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7 Tips to Avoid a Holiday “Hoover” by a Narcissist

 Hoovering: (definition)- noun– The state in which a psychological abuser (typically an individual manifesting symptoms of Narcissistic Personality Disorder or perhaps a blend of other Personality Disorders) returns to attempt to abuse a former source of narcissistic supply (i.e. ego fuel) via text, email, phone or in person (Schneider, 2015). The term “Hoover” refers to the vacuum (by the Hoover brand), as an analogy to suctioning up and reconnecting with prior sources of ego gratification by the narcissistic abuser.

1) The time period between Halloween and Valentine’s Day is a time when survivors of abusive relationships with a narcissist may experience what is known as a “hoover”..often times narcissists will circle back to prior sources of narcissistic supply to see if they can tap (or suction up like a vacuum) prior targets’ attention/affection/adulation to fill their psychological void…be cautious and don’t be tempted with a re-hook!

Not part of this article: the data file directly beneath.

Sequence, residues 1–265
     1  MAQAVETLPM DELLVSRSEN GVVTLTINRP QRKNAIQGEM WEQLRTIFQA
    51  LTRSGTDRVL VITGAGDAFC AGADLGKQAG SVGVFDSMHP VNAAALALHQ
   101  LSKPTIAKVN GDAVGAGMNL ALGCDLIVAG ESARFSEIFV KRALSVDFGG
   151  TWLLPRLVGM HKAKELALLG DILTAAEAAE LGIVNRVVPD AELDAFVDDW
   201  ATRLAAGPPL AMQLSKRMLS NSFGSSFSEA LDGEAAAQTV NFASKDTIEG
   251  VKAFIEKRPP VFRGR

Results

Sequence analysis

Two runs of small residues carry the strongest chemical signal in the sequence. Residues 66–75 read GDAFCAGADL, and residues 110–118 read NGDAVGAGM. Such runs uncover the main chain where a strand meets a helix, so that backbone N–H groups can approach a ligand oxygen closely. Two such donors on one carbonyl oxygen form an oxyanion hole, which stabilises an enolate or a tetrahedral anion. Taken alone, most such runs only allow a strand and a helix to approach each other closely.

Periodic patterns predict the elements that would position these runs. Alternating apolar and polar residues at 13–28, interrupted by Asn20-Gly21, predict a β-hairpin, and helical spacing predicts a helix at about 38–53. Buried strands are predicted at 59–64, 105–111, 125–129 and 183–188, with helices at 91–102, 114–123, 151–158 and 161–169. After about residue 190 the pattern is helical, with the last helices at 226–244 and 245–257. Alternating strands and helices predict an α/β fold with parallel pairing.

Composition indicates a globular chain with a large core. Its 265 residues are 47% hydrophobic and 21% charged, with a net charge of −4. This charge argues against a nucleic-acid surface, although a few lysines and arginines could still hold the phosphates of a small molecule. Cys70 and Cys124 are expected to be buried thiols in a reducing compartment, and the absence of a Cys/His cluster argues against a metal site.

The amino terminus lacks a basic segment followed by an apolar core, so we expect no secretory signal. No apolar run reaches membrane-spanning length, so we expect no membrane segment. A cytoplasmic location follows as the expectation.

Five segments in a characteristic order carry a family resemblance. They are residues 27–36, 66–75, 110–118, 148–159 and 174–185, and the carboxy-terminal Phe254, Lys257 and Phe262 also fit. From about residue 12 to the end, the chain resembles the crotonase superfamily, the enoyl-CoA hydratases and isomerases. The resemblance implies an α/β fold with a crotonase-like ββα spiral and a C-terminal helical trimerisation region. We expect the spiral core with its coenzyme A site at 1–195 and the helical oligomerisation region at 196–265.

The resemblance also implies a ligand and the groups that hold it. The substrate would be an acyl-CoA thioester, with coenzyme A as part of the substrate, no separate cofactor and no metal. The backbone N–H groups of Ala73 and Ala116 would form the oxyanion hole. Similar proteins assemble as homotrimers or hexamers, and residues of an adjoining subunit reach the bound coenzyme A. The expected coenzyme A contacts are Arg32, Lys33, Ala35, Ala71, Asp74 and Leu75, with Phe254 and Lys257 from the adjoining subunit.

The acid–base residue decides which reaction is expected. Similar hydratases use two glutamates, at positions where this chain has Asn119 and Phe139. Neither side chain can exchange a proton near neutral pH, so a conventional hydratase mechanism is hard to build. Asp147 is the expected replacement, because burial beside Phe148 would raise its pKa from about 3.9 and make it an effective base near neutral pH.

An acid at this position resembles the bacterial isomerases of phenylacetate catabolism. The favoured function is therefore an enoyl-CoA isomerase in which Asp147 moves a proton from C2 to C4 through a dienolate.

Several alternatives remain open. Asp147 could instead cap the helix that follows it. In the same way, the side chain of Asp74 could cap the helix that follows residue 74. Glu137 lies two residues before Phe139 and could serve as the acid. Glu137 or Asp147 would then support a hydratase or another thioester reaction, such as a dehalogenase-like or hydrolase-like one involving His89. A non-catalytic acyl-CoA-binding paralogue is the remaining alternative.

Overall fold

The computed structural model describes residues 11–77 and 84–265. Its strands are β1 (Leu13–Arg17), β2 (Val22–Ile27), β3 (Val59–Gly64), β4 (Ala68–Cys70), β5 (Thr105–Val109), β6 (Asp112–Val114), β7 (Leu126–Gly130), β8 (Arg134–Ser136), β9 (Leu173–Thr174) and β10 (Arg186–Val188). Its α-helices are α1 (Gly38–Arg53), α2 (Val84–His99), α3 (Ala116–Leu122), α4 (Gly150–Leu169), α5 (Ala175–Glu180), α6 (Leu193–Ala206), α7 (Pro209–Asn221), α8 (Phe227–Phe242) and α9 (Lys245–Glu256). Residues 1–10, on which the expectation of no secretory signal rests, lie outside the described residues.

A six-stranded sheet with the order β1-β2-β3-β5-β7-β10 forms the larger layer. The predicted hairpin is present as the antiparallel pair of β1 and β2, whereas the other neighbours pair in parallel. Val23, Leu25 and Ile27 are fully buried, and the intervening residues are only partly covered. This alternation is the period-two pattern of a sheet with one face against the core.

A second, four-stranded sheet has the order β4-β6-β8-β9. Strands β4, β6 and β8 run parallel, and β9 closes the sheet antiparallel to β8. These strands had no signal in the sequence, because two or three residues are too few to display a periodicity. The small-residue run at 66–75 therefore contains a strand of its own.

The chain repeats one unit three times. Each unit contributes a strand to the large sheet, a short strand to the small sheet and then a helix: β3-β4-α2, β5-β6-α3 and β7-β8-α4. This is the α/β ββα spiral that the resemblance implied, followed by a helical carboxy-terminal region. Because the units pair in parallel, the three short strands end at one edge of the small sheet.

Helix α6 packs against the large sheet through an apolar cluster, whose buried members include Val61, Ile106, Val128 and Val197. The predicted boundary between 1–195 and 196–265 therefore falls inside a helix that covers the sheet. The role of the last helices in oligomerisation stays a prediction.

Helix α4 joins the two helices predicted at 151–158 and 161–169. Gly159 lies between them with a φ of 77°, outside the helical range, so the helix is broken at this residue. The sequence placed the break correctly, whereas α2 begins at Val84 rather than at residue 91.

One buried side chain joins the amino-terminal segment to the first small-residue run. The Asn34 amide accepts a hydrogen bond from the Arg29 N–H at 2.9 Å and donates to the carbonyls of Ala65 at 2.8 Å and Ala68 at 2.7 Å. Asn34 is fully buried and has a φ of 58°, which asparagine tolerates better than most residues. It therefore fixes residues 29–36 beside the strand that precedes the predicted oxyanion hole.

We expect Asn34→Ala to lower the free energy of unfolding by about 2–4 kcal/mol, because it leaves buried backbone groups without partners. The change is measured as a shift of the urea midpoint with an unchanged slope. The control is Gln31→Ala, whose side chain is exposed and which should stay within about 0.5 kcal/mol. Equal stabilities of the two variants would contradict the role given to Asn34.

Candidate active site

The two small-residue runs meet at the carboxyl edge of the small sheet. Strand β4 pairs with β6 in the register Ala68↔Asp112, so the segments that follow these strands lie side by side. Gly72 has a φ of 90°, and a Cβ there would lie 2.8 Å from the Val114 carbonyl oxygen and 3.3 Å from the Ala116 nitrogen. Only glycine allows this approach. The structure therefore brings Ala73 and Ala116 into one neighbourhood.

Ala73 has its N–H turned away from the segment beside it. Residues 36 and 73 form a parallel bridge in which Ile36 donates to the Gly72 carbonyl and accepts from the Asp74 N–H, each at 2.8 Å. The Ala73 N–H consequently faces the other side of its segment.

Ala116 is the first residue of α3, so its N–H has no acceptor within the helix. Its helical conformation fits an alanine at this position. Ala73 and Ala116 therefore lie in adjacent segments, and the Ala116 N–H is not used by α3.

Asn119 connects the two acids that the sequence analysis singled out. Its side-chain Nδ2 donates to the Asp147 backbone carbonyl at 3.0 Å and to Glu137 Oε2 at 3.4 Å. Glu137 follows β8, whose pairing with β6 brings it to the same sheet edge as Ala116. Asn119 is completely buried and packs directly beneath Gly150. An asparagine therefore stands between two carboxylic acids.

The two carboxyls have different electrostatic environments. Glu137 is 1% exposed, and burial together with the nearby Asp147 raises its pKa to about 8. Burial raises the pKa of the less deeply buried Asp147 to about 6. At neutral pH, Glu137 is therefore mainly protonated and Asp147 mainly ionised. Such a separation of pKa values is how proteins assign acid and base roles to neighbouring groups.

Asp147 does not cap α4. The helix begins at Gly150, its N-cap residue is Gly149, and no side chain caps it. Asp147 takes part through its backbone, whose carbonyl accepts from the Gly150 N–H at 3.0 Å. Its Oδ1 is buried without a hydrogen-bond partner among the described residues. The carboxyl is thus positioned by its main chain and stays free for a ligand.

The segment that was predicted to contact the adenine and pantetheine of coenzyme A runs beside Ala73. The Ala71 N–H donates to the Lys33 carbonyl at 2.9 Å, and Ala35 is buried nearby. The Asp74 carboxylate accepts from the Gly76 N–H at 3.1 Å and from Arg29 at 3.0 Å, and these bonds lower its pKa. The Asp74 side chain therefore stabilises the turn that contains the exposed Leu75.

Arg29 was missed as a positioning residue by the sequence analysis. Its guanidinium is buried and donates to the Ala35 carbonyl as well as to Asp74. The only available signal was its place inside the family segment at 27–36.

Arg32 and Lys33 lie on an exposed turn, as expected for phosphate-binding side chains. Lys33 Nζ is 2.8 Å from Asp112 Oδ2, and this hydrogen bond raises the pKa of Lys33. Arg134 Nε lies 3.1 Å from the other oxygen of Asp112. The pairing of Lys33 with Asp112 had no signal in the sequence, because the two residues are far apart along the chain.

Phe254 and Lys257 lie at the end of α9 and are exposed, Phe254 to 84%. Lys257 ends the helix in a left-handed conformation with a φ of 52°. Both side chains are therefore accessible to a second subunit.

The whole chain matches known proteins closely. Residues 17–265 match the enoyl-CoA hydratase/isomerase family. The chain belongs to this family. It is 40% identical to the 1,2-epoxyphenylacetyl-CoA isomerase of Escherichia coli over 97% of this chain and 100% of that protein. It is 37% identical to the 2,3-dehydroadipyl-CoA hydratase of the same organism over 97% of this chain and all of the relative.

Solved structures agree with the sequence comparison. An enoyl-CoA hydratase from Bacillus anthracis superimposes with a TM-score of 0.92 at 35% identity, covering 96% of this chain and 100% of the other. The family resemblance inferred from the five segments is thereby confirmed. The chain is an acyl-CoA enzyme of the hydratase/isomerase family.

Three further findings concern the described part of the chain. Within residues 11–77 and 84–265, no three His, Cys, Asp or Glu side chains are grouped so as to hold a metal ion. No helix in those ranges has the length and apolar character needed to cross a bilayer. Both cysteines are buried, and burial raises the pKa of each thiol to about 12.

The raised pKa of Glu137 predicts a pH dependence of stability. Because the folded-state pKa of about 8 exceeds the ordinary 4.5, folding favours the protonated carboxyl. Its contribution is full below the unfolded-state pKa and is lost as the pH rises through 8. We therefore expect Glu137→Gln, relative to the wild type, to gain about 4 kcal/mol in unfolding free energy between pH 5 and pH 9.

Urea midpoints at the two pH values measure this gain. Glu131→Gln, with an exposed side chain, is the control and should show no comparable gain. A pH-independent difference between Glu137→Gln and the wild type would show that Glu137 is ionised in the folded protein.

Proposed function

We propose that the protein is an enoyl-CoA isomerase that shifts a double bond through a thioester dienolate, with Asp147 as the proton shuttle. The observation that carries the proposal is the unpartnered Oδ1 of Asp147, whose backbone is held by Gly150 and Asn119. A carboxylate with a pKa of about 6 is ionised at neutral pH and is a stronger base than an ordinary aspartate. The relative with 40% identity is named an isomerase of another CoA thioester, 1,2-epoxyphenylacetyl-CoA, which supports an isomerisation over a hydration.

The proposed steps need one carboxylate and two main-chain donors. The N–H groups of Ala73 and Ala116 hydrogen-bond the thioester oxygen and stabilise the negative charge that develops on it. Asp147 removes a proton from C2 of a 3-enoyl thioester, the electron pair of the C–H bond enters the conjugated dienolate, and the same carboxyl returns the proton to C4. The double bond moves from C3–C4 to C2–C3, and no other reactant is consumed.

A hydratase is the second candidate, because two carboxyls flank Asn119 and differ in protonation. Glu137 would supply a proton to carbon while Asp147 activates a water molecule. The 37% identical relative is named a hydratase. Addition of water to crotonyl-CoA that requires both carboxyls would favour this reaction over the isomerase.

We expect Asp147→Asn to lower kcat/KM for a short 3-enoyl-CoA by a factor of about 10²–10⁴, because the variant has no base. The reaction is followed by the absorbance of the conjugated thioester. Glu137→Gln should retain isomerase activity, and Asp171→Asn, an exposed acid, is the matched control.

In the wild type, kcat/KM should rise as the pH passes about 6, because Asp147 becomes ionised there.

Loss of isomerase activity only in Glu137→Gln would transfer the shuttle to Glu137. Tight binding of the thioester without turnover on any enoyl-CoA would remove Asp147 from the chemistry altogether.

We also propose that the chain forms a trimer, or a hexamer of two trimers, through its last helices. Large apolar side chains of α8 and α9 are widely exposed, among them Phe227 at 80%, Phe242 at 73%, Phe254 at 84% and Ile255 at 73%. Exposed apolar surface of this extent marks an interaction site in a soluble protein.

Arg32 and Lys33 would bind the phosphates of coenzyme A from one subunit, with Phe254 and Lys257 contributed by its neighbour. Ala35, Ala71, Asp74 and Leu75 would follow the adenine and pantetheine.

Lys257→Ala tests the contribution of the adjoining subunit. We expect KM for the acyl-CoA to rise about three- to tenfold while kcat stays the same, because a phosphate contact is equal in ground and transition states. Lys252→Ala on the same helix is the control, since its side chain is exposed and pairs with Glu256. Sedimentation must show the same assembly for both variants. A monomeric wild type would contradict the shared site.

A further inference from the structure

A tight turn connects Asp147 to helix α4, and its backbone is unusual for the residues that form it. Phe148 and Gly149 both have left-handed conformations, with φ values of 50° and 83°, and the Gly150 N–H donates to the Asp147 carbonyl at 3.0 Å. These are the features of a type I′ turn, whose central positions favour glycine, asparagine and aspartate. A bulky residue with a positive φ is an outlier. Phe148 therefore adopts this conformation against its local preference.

2) Extreme narcissists cannot function without their perpetual need for ego fuel, or narcissistic supply. Many have a homing device, zeroing in on their prior targets’ vulnerabilities and needs for validation. When a survivor of psychological abuse has been discarded after an abusive relationship with a narcissist, the survivor generally speaking reels with confusion and a need to understand “why” they have been cruelly cast aside. Extreme narcissists know this. The typical cycle of idealize, devalue, discard is perpetuated as long as the target allows it, and the hoover is a prime opportunity to instigate a new abuse cycle.